The Best Christmas
by Natalie

It was Christmas Eve. Captain Pellew sighed and laid down his pen. What a
dull Christmas the men were going to have this year; absolutely nothing more
than weevily biscuits for their Christmas feast. The Admiralty had had no
pity. True enough, blockading was dull and tiresome work, and one could not
just sail into any port to get more supplies, butÖ No, thought Pellew
bitterly, no one cared to bring them any. The last supply ship had been so
long ago...
Pellew rubbed his hand across his forehead. No one except he and his
steward knew that he had sacrificed from his own meager store in order to
provide the men with at least a slightly different meal. And no one would
ever know. It was the least he could do to such a fine crew.
Lieutenant Archie Kennedy looked up he heard footsteps. "Hello, Horatio,"
he greeted at the tall lanky figure approaching him. "What are you doing up
here?" Horatio shrugged. "You've come up so many times during my watches
to keep me company, so I thought I'd try to somewhat repay the debt," he
said matter-of-factly. Archie grinned boyishly. "Perhaps the Christmas
spirit is finally getting to you. I was wondering if it ever would, you
heart of stone."
"Oh Christmas!" Horatio threw up his hands in disgust. Archie shook his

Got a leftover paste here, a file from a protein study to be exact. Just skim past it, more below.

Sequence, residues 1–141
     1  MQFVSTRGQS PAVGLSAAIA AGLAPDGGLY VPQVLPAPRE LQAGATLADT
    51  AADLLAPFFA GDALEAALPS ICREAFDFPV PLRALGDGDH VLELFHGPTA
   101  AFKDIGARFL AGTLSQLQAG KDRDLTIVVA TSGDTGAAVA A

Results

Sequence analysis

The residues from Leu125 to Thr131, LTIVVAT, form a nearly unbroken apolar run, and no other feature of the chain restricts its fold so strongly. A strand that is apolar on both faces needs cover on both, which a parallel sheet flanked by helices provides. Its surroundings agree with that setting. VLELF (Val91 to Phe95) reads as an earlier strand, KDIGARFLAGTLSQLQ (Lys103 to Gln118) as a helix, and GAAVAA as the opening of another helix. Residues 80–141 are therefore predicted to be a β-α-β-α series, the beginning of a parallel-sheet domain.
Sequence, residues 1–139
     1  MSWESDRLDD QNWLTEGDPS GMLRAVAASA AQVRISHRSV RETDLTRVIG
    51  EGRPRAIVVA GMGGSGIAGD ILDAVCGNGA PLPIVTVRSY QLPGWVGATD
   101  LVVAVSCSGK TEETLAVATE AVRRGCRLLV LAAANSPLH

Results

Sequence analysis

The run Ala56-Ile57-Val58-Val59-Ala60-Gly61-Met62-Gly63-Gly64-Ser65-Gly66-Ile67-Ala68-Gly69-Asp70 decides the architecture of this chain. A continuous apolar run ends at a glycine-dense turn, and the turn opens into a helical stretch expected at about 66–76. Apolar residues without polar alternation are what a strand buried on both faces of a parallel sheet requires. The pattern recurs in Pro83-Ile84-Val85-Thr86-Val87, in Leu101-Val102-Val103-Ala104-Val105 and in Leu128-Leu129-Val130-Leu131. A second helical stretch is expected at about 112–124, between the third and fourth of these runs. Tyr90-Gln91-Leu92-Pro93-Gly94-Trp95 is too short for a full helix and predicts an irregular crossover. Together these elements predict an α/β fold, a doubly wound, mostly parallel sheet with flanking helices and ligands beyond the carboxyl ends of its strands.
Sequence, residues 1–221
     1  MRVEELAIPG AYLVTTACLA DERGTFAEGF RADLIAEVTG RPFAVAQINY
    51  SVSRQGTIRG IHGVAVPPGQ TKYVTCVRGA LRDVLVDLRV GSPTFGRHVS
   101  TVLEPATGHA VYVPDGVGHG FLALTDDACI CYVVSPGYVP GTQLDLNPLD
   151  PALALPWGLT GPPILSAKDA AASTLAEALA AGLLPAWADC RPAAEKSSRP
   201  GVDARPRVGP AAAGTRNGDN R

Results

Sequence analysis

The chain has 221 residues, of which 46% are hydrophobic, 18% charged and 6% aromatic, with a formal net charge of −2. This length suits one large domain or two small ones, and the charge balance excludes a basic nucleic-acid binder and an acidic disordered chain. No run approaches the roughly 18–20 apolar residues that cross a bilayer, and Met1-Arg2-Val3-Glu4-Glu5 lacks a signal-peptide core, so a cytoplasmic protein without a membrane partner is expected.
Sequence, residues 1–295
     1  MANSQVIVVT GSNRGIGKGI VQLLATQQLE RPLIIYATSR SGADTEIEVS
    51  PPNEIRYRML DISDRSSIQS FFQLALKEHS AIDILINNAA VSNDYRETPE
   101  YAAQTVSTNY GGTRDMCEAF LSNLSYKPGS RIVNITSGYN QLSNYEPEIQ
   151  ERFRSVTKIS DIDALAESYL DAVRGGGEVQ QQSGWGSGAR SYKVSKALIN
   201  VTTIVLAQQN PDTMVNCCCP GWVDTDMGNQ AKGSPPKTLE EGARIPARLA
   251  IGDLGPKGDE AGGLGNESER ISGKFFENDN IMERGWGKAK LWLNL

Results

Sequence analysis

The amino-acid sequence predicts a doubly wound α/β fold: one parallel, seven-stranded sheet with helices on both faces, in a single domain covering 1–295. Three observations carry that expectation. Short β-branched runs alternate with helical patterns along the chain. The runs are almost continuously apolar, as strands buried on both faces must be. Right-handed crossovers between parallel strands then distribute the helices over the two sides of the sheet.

head. "All these years, Horatio," he marveled, "all these years, so many
things have happened, and yet you still refuse to believe."
"Tis nothing but an old legend."
"Ah Horatio, and there you are wrong. It is more than a legend. It is a
tale of love, sacrifice, that changed the lives of countless amounts of
people. It is about God."
Horatio shifted uncomfortably and tried to change the subject. "So what was
the best Christmas you ever had, Archie?"
"Best?" Kennedy looked up. Then he glanced back down where his hands
gripped the railing. "I don't think I ever had one."
"Well, the first few years of my life, I have vague memoriesÖmemories of my
mother. She would wish me a merry Christmas and give me some little
plaything on Christmas morning. After she died though, and I joined the
NavyÖ.it's just a blank haze. Like some long eternal nightmare of misery.
Until you came."
Horatio started. "Me?"
"Yes," Kennedy smiled slightly. "A brief but bright ray of sunshine. A
fleeting glimpse of light. Then it was Christmases spent in rotting
prisons, with Spanish or French soldiers making merry outside your door,
while you looked at moldy bread crusts and actually wished for some weevily
ship biscuits. Then last yearÖ" he trailed off. Horatio shuddered
slightly. Last year had been miserable, with the entire ship still feeling
the after-effects of the horrid mission of Muzillac. It had been a quiet,
depressed Christmas, while everyone occupied himself with his own thoughts.
Archie interrupted his thoughts. "But don't you see, Horatio? What you